Today Friday February 24, 2012 the author has organized a “book bomb” and shared instructions here. Basically, when a lot of people buy the book all in one day the rankings on book will dramatically increase.

This is an independently published book. No big company backing these guys! We are the “company” :) If you are able and interested…purchase today and be apart of something really great!

Thank you to everyone who entered the contest for the FREE copy of The Last Pilgrims and the Kindle Touch! The winner is…Tabitha E. Congratulations!!! We’ll be in touch with you soon :) 

What about The Last Pilgrims and living off-grid spikes your interest?

Comments

  1. As I’ve said before, I’m on my 3rd time reading Surviving Off Off-Grid. Aside from God’s Word, it is the most life changing book I’ve ever read (and I operate a homeschool lending library with over 15,000 OOP volumes so I’ve read plenty.) I didn’t say it was an easy read, or a comfortable read. But a life changing one. I believe that whether nor not “something” happens, we should not be enslaved to our current system (nor on our own “self” sufficiency) but on God and His care for us. We live on a 12 acre homestead and are looking at purchasing another 38 acres. God is bringing us together with like-minded friends who are working together to build our own community, of sorts. I can’t wait to see what God has in store. I’m ordering The Last Pilgrims today. Thankfully I’m an Amazon Prime member so I’ll get it quickly. :) Thanks for the teaser. You’ve got me chomping at the bit more than ever.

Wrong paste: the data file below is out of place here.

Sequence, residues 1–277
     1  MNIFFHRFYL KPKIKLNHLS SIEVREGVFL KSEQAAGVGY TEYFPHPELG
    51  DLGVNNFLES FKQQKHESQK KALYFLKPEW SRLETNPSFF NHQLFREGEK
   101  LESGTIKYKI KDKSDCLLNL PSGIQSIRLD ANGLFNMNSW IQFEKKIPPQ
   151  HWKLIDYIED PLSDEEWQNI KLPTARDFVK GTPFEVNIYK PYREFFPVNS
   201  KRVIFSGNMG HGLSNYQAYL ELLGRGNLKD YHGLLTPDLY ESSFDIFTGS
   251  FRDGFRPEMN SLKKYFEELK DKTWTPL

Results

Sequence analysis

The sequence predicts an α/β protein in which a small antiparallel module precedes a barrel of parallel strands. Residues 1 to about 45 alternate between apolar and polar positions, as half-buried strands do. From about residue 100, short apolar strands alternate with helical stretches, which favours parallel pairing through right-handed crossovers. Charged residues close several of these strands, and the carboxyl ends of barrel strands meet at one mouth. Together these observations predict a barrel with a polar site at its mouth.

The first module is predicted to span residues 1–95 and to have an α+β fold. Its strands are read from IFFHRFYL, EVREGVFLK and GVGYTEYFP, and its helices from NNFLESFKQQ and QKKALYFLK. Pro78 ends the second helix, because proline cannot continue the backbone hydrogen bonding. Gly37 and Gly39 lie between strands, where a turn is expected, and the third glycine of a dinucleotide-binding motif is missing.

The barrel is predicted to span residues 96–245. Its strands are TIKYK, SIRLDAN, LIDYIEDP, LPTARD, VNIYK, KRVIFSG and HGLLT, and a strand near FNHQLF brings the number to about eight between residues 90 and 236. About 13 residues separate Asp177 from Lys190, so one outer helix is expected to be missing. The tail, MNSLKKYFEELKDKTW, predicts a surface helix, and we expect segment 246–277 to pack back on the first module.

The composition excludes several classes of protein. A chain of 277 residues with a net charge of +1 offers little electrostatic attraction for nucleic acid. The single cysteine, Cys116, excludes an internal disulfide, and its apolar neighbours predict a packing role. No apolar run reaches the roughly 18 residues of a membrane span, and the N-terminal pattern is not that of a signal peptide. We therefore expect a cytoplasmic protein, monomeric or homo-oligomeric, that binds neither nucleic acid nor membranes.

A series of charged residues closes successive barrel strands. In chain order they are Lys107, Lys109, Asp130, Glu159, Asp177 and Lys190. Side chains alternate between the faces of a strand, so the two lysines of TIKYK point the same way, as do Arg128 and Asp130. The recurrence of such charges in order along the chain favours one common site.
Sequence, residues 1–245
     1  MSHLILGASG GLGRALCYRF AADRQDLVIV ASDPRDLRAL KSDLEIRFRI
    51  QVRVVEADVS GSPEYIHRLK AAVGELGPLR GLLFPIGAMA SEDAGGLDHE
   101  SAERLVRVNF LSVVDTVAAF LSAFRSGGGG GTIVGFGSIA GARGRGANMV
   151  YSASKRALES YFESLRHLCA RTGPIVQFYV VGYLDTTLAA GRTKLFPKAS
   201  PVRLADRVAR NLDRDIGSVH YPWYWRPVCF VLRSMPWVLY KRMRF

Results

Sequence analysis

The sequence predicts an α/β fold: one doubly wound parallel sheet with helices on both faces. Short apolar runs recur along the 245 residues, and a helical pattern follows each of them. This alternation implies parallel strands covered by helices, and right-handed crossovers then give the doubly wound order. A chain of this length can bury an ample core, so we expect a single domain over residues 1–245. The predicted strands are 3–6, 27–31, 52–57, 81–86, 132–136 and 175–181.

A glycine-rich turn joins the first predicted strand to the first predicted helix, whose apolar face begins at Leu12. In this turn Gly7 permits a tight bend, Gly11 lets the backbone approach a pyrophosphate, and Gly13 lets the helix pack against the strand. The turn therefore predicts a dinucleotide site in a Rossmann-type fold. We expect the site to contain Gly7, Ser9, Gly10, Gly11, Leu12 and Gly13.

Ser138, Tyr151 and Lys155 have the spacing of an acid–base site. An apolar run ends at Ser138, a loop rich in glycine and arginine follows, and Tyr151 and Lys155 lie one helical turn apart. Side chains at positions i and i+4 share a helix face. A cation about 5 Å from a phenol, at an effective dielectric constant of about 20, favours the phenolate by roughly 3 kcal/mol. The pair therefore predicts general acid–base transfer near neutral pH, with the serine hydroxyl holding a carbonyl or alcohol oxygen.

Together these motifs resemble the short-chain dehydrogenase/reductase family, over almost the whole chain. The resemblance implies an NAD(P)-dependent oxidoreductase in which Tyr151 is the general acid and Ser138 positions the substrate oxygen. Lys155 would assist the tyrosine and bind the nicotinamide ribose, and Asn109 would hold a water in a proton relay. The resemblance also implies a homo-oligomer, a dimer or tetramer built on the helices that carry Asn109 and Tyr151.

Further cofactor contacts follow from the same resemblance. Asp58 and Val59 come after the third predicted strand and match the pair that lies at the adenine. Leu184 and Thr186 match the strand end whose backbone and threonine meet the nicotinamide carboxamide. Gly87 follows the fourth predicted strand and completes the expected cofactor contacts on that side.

2. I love Ana, too! Her sweet spirit often brought me to tears.

  3. This looks like one I want to read. Another good book I read was by Doug Fine, “Farewell, my Subaru”. He talks about transitioning to life off the grid and local living.

  4. I REALLY, REALLY want to get this book….but I have a NOOK not a Kindle….is there a way to encourage the author to get his book done as a E-book with Barnes and Noble as well??